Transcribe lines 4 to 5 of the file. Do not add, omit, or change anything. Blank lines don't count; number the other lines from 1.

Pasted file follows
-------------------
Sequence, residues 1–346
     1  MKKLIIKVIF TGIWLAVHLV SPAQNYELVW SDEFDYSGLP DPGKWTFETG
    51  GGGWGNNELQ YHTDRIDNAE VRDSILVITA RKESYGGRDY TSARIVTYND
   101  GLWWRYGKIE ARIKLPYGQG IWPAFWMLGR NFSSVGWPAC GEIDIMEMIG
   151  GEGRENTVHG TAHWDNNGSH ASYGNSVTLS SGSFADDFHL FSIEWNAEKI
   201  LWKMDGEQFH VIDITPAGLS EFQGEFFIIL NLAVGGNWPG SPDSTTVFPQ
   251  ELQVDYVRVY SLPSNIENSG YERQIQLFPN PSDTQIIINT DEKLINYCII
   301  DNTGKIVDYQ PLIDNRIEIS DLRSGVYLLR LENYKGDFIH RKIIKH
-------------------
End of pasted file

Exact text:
   101  GLWWRYGKIE ARIKLPYGQG IWPAFWMLGR NFSSVGWPAC GEIDIMEMIG
   151  GEGRENTVHG TAHWDNNGSH ASYGNSVTLS SGSFADDFHL FSIEWNAEKI